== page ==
Is the housing market too hot? That is the question millions of Americans have been asking recently. Those who lived through the 2008 housing crisis have noticed some eerie similarities between the current housing market and the housing bubble of 2007. Searches for the phrase “When is the housing market going to crash,” are up 2,450% over the month of May, which goes to show how concerned the American public is about another potential crash.
The concern is not unfounded, as there are some alarming similarities to the housing boom over a decade ago. For instance, according to JP Morgan Research, “After robust gains over the past five years, the nationwide nominal house price index is now 40% above its 2012 low-point and 4% above the peak reached in 2006.”
The senior director of Fitch Ratings, Suzanne Mistretta, stated that “slowing employment recovery and still-high unemployment levels are not supportive of long-term sustainable price growth.” This comes from a report where Fitch determined that homes are currently 5.5% overvalued nationwide. In some urban areas, Fitch estimates that homes are more than 10% overvalued, and in the worst areas the overvaluation is as high as 30%.
Even the experts who tend to be more optimistic about the prospects of the housing market have admitted the current growth will not last. Robert Dietz, chief economist at the National Association of Home Builders, is on record saying we’re not going to see a crash. However, he also points out that, “when home prices are growing faster than incomes, ultimately that is an unsustainable trend.”
In November of 2021, housing prices were increasing at the fastest rate since the housing collapse and subsequent recession. It is now July 2021 and price appreciation has not slowed down.
According to Fitch, even markets like the State of Washington and Rhode Island have a disconnect between the market fundamentals which support growth and the rising rate of home prices. These markets typically see a more sustained increase in housing prices, so this shift could indicate a larger issue.
On top of these indicators is the current forbearance on mortgages. Many Americans have been allowed to make reduced payments or skip their payments entirely. Additionally, a moratorium on foreclosures was put into place. By June 2020, 4 million Americans were in forbearance on their mortgage. Joan Trice, CEO of the Collateral Risk Network stated that having all of these homes default at the same time, “would tank the market.” The moratorium was put into place to stop this from happening, but when it is lifted, we could see some major issues.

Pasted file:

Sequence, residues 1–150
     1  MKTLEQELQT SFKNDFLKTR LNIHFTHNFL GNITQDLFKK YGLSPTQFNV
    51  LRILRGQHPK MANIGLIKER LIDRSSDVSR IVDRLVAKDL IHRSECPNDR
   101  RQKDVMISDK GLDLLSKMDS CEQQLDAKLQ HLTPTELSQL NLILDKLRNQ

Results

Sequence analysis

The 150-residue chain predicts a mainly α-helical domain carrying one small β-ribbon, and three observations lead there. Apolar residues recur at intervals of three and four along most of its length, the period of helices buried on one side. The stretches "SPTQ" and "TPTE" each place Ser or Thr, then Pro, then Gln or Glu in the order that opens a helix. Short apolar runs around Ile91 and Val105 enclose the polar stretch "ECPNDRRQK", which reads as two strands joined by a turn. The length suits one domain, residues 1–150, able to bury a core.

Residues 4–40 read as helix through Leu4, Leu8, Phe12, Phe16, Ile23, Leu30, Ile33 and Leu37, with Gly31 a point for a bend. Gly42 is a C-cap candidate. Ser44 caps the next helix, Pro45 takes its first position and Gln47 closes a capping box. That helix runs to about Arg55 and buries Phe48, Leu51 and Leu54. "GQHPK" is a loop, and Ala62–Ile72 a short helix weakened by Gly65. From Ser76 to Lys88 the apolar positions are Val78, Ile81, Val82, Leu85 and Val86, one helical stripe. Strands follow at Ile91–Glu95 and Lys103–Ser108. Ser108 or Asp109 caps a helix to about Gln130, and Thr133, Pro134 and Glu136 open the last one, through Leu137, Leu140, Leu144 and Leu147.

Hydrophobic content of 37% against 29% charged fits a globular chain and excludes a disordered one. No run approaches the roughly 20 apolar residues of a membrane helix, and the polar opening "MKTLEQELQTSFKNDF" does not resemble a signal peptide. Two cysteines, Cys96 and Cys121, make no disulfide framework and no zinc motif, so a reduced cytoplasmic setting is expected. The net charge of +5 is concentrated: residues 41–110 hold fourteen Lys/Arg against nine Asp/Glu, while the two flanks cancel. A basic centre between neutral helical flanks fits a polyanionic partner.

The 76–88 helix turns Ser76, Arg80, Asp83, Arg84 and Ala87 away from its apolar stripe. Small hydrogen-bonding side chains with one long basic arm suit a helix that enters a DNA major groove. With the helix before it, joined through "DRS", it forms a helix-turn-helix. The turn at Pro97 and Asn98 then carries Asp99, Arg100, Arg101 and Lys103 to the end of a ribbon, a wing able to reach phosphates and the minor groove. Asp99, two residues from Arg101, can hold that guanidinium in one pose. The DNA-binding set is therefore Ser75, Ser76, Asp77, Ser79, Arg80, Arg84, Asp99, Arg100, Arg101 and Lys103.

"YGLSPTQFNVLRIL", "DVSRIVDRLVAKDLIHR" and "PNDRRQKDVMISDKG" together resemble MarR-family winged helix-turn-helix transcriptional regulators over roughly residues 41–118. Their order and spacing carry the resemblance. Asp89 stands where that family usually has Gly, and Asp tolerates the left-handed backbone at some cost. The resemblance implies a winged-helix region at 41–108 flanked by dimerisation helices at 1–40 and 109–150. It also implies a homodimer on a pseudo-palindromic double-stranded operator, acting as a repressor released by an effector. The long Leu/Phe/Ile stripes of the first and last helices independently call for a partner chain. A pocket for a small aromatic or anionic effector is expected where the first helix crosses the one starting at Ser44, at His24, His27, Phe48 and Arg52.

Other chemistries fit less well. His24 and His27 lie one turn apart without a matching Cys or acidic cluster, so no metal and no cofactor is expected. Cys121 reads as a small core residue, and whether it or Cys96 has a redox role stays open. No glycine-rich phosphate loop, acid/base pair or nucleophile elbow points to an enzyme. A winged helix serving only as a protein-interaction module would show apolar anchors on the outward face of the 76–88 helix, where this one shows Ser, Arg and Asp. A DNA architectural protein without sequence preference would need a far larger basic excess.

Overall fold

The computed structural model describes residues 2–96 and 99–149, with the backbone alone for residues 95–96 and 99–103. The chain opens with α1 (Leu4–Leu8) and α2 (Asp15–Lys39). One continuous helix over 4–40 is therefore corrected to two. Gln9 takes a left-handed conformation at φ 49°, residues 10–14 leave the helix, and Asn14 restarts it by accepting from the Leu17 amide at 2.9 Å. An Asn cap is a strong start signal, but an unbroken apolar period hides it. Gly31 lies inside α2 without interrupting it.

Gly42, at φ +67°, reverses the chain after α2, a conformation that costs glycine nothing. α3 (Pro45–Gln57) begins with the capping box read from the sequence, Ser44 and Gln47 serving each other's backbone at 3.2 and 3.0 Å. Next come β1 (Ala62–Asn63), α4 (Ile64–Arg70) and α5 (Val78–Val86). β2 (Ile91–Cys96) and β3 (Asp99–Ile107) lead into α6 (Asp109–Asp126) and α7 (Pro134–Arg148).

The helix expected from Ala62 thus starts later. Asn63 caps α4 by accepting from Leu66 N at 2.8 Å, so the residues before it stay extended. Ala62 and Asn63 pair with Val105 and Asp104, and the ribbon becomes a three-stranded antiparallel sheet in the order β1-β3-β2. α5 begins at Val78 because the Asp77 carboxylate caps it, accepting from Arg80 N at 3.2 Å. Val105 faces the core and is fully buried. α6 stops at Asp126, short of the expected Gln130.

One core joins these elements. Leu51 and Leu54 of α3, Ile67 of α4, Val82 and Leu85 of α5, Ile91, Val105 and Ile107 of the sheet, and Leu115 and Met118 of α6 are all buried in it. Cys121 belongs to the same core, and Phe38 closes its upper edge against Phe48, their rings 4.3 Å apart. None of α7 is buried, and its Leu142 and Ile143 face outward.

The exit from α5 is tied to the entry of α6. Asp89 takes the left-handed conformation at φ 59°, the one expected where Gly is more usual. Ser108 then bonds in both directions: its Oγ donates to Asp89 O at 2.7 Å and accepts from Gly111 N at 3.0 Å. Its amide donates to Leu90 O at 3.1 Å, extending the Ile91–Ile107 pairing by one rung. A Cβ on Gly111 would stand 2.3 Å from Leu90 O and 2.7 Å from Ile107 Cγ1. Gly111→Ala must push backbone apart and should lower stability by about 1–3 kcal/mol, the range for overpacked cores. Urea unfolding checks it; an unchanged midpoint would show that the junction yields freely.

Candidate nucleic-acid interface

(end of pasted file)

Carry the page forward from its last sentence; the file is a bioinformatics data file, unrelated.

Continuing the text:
Despite the signs of a possible housing market collapse, there are some indicators which signify that the current market is much different than the 2007 housing bubble.
For one thing, the reproduction costs of building a have been rising. If new homes are more expensive to create, a floor of value is created on existing homes.
Additionally, we are currently short 5.5 million homes in the United States, which is a stark difference from 2007 when there was too much supply. Not to mention, In 2007 the market saw a drop off in demand. Compare that to today’s market where demand is high and there are more millennials looking to buy than there are baby boomers looking to sell.
There is also the benefit of current home equity being at record levels, which reduces the foreclosure risk we saw in 2007. The Federal Reserve announced that U.S. home equity was more than $22 trillion at the end of 2020, which is nearly double the amount of outstanding mortgage debt at $12 trillion.
As unsatisfying of an answer as this may be, there is an argument to be made on both sides of this issue. What we know for sure is that the current housing market is on fire and people are receiving great value on their home right now. The market will inevitably slowdown, whether that comes in the form of an economic catastrophe or a slight market dip is yet to be seen. However, if you’re going to sell your home the time is right now.